For all ACIM’s pontificating about love, oneness, and true reality, it is really a child of the world it loathes. It is obsessed with fear, the ego, and the physical reality whose existence it rejects, talking about them almost as much as it talks about love (and that’s saying something). While disparaging logic, it uses it to argue that the world you experience is a horrible mistake. You will not find the serene mysticism which states that God is “beyond all attributes” in this work. Instead, you will get an authoritarian voice that preaches against division while employing it at every moment, repeating itself with the frequency of a jackhammer.
When I criticize ACIM, the responses I often get are either that “I feel that it’s ture” or “it’s open to interpretation.” I won’t deny that this book helps some people for the reasons listed above, but I don’t think that inspiration proves the complete truth of a book. People are inspired by all sorts of texts (The bible for example). When positive feelings are evoked by a certain statement or idea, what it speaks to instead is the value of inner feelings. If you can feel truth, then toss al your books and follow your intuition. Your intuition was always the valuable part anyway. If ACIM can be interpreted in such a way to counter my criticisms, then I would also ask why people bother with it. If a book can be interpreted in so many different ways by different people, then again the truth ultimately lies with the individual and not the text.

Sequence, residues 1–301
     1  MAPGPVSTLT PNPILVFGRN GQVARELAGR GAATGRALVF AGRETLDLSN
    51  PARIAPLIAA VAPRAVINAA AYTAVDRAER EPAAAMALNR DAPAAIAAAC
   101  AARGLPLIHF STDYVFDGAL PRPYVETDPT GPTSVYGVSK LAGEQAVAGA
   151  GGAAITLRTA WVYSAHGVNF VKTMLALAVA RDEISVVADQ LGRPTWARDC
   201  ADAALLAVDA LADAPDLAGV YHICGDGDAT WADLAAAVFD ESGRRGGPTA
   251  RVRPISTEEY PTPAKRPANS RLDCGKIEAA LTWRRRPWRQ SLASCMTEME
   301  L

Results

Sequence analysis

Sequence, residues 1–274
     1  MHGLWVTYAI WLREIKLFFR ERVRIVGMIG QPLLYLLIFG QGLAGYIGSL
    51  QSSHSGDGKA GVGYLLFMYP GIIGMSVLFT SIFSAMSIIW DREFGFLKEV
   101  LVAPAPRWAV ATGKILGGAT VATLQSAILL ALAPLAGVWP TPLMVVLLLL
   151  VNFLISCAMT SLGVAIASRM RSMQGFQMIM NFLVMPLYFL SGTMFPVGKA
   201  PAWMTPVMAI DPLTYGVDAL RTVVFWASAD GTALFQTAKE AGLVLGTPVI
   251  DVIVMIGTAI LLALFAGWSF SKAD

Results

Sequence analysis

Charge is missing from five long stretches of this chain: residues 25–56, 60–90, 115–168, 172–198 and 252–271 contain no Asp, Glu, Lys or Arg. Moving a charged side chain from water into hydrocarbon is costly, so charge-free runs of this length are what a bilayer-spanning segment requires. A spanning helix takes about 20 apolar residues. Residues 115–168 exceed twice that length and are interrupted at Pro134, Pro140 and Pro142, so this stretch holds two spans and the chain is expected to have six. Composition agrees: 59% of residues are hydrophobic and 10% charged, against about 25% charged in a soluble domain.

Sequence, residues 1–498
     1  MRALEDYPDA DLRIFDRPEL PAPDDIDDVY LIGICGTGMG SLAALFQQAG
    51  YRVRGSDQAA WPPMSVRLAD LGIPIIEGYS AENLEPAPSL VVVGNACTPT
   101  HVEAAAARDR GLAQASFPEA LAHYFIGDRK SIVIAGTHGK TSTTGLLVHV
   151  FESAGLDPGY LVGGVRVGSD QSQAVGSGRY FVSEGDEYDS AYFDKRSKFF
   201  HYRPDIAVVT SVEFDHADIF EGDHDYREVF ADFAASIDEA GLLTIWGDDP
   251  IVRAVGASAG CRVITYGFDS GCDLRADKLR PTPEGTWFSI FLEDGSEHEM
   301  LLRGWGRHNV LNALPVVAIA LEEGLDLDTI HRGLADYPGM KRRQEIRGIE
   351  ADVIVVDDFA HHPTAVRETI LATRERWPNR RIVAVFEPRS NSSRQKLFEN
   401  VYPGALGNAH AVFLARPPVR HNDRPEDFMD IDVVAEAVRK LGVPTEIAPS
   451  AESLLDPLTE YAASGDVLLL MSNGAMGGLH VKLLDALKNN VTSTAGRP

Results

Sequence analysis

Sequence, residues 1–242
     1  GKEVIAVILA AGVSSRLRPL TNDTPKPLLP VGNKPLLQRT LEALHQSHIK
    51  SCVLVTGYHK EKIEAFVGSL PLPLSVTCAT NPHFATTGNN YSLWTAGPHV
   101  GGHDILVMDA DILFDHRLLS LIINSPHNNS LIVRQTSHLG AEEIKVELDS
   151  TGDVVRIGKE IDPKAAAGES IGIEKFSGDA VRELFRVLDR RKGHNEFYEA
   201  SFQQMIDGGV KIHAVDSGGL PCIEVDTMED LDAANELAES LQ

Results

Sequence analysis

I criticize this book primarily because I think that the most important thing in any individual’s life is the conviction that somehow, someway in spite of Everything that they matter, that what they do matters. Not just in a relative sense, but in a cosmic one. Any philosophy that diminishes or contradicts that feeling is anathema, and ACIM is clearly one of them. The supreme mystical sense that vetoes all others and passes all “art and argument of the earth” (as Whitman would say) is that of the cosmic tenderness. It’s the feeling that you can trust the universe no matter what. And you can’t trust the universe while distrusting yourself or your experience at the same time. It’s a zero sum game.
I could be a mindless ego afraid of falling into the Cosmic Love Pit, but if love means giving up everything I have ever known myself by, then it’s pretty worthless in my book. If an ascetic denial of the sensual world is spiritual, then I don’t want to spiritual. I’ll take my chances with this crazy world of ours and place all my money on my conviction that there is more going on here then atoms bouncing around, a divine test splinting the sheep and goats, or being run over by the wheel of samsara. I’ll close out with a couple quotes
“Where would God’s wholeness be if he could not be wholly other?” -Carl Jung
What is called good is perfect, and what is called bad is just as perfect” -Walt Whitman
Campbell: And the attitude is not to withdraw from the world when you realize how horrible it is, but to realize that this horror is simply the foreground of wonder and to come back and participate in it. “All life is sorrowful” is the first Buddhist saying, and it is. It wouldn’t be life if there were not temporarily involved which is sorrow. Loss, loss, loss.
Moyers: That’s a pessimistic note.
Campbell: Well, you have to say yes to it, you have to say it’s great this way. It’s the way God intended it.” -From The Power of Myth
Rating: 1.5 loons of 4. If you want to live in non-dual North Korea, this one’s for you.